I’m afraid my blog has been distressingly free of any new content for — my heavens! — can it be a week now? Say it ain’t so, Joe! Well, it does happen, especially when we get just a teeny bit preoccupied, which does make all those good intentions fly right out the window! The distraction last week was SPRING! And not just toasty weather, nice new green leaves and flowers, but SPRING Migration! This may not mean much to all you normal people out there, but for birders (even for halfway, fairly frivolous birder types such as myself) spring migration is a very big deal indeed, especially if you live in a northern location where for the rest of the year the birding can be rather dull.
Migration’s most fundamental attraction is simply visual — birds are beautiful to look at, especially during the spring when they’re wearing nice new feathers and bright colors. The reason is obvious; they’ll soon be staring in their own version of “The Bachelor” and “The Bachelorette” as they’re migrating to summer mating and nesting areas. There’s also the simple fact that there are birds to look at, after a long winter during which there are few to be seen. During migration you not only see more birds, but you also have the chance to see bird species that are passing through your area as they travel to their summer home somewhere else. Spotting a species that you don’t normally see, or that you see only rarely, is like winning a lottery prize, albeit a non-material one.
There’s a more serious note, at least for me, however, that underlies the visual beauty and the enjoyment of being out of doors and that’s an almost mystical sense of how various creatures and processes make up the great web of life. Did you know that a North American warbler, for example a Blackpoll, weighs less than a ballpoint pen and is only about 5 inches (15 cm) long? Yet in the fall that tiny thing (and keep in mind that a Blackpoll is one of the larger warbler species) flies over 1800 miles non-stop, crossing parts of the the Atlantic Ocean to reach its wintering grounds. The journey is so tough that the bird’s body starts to literally consume itself, feeding off muscle and even organs that the bird doesn’t need as it flies, such as its digestive system (remember the warbler’s not eating after it launches itself over open water). Warblers and other song birds can only sustain their flights for so long; for them it’s literally reach ground before their bodies consume themselves or die. And, of course, many of them do. A storm; unusual weather patterns; a strong wind from the wrong direction; a housing development where a feeding stop used to be; gulls or migrating raptors looking for a snack and … well … you get the idea. The individual bird perishes, but the species goes on, at least until we finish paving the world over with concrete. When I see a migrating warbler I sometimes think of the moment when that warbler reaches the Atlantic, or the Gulf of Mexico or Lake Erie and, without knowing the outcome, strikes out into the unknown, simply hoping to reach a good spot on the other side of those vast and terrifying depths. If that isn’t a metaphor for human existence, I don’t know what is.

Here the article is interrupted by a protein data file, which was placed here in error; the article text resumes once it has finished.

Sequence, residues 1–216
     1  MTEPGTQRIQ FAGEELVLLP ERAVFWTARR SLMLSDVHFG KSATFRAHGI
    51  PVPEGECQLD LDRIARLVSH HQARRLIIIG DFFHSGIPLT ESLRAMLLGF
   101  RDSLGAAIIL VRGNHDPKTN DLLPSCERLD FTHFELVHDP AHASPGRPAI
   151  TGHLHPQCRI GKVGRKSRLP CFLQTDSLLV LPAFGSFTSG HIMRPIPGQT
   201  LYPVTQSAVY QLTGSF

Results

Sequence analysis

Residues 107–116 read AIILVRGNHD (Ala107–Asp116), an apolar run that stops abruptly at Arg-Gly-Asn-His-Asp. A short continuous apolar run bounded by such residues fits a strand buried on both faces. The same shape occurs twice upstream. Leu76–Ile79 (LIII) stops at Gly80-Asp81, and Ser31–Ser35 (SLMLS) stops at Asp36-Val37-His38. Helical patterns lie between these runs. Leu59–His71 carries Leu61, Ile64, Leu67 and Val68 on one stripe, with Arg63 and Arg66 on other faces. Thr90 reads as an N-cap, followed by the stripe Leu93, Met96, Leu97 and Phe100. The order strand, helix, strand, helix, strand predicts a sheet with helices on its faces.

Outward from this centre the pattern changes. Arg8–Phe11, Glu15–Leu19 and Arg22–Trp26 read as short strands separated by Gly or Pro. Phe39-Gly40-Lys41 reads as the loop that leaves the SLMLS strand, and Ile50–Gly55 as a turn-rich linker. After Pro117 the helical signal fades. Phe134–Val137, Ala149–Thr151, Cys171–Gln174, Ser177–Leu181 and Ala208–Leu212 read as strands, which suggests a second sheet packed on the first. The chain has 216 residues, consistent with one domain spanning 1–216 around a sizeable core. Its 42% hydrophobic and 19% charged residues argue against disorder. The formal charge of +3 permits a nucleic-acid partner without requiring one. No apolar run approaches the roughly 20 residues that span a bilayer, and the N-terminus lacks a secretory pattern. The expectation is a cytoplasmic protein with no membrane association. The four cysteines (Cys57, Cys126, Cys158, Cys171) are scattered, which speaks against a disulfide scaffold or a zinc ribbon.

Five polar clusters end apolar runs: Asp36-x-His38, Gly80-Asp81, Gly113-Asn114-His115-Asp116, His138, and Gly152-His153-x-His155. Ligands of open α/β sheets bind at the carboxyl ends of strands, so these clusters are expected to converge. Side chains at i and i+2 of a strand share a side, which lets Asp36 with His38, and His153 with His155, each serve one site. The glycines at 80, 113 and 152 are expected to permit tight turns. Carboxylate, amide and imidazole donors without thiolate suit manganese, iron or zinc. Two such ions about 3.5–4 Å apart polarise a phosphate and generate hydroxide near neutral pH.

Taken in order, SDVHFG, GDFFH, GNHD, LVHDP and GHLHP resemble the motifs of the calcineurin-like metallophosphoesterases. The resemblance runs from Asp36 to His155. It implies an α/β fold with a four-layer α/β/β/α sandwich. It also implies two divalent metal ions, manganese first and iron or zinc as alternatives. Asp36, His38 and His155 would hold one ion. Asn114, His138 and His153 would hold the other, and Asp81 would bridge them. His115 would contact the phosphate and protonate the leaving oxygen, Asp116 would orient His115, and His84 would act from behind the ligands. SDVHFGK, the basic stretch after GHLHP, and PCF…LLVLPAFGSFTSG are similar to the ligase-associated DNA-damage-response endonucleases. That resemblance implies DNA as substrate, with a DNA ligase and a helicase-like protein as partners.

Well, enough of the heavy stuff! One more factoid and I’ll shut up and let you enjoy photos. Did you know that birds, like airplanes, follow regular travel routes? These “flyways” usually occur along coastlines, rivers and mountains; if a species is lucky some nice nature group, like the Audubon Society, will have located a refuge providing food and a rest stop along its travel route. (The Audubon Society has a great website showing flyways for several common North American species).
I spent my week of non-blogging (and rather limited reading, I must admit) at Magee Marsh, a nature refuge on the southern shore of Lake Erie, one of the five Great Lakes along the northern United States (four of the Great Lakes form part of the border between the U.S. and Canada).
Although it’s not on a flyway, Magee Marsh is a critical stopping point for migrants that come to Lake Erie and need food and rest before they’re strong enough to attempt a crossing. Essentially the Marsh, which is one of Lake Erie’s last bits of undeveloped wetland, is a giant bird hotel that provides shelter, food and water for the birds, and a boardwalk trail for the birders. Both groups appear happy with the arrangement.
Here are some of the things I saw at Magee Marsh last week:
Over 300 different bird species pass through Magee Marsh each year. Although warblers are certainly the main attraction, many other wonderful things also rely on the Marsh to survive during spring migration:
For a wildlife refuge, Magee Marsh is easily accessible from several midwestern cities, including Cleveland, Toledo and Detroit. It’s easy to stay in one of several small towns withing driving distance. I usually pick Port Clinton, a small town that’s primarily centered on sport fishing (it styles itself “the Walleye capital of the World” and who’s to say it isn’t?). Port Clinton has a sprinkling of older houses and an impressive array of yachts; it also doesn’t really come alive until late May, after spring migration is over and birds and birders have left.